He visited Izium Wednesday, one of the towns recently liberated in the lightning counteroffensive. Just days ago, Izium was Russia 's main logistical hub in the Kharkiv region.

Mr. Zelenskyy says he has now liberated some 8,000 square kilometers of territory this month alone. He thanked the soldiers in Izium and watched as the Ukrainian flag was raised in front of the city council building.

Mr. Zelenskyy also toured the destruction that the Russian forces had left behind.


VOLODYMYR ZELENSKYY, UKRAINIAN PRESIDENT: The view is very shocking but it is not shocking for me because we began to see the same pictures from Bucha, from the occupied territories. So, the same, destroyed buildings, killed people.


NOBILO: Let's bring in CNN's Nick Paton Walsh. He is live in Kharkiv.

Nick, what can you tell us about President Zelenskyy's visit? What he saw, what he did, and how he was received?

NICK PATON WALSH, CNN INTERNATIONAL SECURITY EDITOR: I think it is a symbolism of a head of state here feeling confident enough in victory but also his own security to head to a place that amount of days ago was a Russian stronghold. A vital part of them supplying their troops, not only around Kharkiv, but also in the Donbas area that has been so key to Russia's goals here.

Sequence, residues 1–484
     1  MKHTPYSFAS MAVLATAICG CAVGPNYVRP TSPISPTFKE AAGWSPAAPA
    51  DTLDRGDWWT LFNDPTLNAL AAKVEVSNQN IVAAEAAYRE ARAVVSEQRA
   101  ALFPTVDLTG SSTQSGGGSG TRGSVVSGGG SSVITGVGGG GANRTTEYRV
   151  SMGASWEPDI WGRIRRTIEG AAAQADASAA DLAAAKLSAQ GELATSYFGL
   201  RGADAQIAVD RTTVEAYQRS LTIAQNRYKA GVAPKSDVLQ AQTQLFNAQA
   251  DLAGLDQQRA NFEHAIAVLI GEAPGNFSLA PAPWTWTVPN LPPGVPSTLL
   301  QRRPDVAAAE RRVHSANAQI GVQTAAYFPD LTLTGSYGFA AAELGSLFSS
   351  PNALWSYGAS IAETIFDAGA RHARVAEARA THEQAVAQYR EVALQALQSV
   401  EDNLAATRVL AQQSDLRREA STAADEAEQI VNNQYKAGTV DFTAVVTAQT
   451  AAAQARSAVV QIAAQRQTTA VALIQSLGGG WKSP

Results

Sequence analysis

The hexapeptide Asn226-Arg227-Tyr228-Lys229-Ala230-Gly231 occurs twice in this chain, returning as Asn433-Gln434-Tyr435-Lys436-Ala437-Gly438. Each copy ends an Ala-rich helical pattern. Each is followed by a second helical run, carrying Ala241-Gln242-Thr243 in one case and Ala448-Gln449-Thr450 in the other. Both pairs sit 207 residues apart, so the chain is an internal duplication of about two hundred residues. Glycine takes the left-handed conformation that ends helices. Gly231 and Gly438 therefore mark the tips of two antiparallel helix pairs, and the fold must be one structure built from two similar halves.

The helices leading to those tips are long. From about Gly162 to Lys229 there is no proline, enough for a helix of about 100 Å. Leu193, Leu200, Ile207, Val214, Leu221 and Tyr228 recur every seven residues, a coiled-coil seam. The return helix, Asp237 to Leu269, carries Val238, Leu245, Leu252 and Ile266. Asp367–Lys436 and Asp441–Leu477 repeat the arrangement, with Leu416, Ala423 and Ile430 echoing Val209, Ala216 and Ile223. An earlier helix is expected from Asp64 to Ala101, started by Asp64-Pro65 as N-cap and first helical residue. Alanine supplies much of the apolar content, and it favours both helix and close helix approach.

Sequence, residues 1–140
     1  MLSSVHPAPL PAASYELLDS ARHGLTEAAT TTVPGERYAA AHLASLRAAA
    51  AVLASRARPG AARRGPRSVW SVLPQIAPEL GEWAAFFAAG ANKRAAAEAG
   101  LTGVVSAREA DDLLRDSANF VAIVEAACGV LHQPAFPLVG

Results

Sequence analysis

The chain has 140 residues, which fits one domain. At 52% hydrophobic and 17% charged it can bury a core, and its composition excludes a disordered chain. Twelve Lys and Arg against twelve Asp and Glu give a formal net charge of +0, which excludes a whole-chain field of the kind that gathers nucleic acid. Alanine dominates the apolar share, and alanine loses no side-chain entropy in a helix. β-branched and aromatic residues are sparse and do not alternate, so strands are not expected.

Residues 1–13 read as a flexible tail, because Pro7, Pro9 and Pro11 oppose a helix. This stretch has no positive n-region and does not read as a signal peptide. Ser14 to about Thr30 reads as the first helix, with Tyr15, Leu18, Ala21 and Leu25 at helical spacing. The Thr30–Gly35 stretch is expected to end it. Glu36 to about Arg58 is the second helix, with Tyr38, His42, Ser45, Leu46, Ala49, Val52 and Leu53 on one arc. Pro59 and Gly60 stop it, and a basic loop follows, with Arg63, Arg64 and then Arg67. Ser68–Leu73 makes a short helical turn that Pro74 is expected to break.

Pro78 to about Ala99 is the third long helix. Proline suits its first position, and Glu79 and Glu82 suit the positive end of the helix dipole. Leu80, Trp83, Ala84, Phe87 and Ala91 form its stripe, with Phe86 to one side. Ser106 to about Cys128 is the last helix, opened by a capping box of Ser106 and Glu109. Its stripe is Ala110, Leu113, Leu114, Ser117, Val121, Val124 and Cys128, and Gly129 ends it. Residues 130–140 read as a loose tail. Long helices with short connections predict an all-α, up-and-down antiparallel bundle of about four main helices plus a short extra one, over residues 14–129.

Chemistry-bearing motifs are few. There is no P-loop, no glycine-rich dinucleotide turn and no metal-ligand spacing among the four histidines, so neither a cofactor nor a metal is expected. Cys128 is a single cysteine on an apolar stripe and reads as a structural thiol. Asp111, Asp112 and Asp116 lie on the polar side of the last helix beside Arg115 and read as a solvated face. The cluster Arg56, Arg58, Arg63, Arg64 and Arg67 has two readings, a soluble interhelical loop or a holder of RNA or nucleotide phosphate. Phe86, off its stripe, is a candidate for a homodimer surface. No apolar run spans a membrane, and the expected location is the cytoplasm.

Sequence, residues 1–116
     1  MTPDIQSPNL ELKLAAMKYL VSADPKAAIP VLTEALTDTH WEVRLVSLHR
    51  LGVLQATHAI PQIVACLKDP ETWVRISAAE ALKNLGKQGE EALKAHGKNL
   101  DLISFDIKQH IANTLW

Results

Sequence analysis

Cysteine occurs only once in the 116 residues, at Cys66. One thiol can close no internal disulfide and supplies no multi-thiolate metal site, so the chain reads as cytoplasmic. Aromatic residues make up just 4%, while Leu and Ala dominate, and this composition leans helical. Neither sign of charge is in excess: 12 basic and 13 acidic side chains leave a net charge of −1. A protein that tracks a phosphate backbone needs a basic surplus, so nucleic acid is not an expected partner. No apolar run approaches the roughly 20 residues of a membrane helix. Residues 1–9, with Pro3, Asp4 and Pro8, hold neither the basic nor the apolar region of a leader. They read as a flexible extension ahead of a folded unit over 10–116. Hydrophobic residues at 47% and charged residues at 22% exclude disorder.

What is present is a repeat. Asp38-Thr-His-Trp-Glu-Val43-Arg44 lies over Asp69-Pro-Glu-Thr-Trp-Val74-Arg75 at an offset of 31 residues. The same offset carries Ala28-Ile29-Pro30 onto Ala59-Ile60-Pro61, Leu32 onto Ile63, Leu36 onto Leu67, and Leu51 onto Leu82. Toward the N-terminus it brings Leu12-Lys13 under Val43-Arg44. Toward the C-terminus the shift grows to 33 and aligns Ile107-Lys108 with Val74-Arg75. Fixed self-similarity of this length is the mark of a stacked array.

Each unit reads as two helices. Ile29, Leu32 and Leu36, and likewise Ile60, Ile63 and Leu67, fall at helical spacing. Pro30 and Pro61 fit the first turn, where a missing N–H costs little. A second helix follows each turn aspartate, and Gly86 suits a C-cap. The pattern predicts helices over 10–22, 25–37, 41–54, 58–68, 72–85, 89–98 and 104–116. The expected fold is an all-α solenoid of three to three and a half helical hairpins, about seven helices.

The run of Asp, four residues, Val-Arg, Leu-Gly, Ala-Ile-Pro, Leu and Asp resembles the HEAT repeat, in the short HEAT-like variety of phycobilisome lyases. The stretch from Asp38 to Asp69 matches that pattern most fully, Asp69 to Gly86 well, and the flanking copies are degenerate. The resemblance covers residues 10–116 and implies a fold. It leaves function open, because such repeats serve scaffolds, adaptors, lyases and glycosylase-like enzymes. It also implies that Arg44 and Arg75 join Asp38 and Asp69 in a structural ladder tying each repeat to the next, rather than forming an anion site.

And the message he carried, frankly, one of great human integrity and one that seems to suggest that this was the beginning of Ukraine's advances rather than a lucky period. Here is what today's scenes looked like.


WALSH (voice-over): This is what confidence and victory looks like, delighted swagger from Ukrainian President Volodymyr Zelenskyy, touring the liberated city of Izium. A commander in chief greeted here as another human.

The smiles for this President as genuine as the danger. Listen here, and you can hear explosions as he talks. It may be possible to temporarily occupy our territories, he says, but it is certainly impossible to occupy our people. These last months have been extremely hard for you. This is why I asked you to take care of yourselves, because you are the most precious thing we have.

It is a victory that came at an as yet unspecified cost, this moment of silence for those dead. What he sees utter devastation, part of why Russia is losing. It's hard to occupy and defend a city in this ruin.

It's hard to imagine the Russian army state of mind when it left behind this much of its armor. And what Zelenskyy did, another reason Ukrainian morale seems to remain high.

Russian President Vladimir Putin is usually hundreds of miles away in Moscow when he gives out medals. This past startling week, a tale of two nations and a gulf in enthusiasm for the fight.

Moscow's manpower crisis so acute, this video is apparently from a Russian prison, allegedly showing the man called Putin chef, Yevgeny Prigozhin, personally recruiting convicts for the frontline.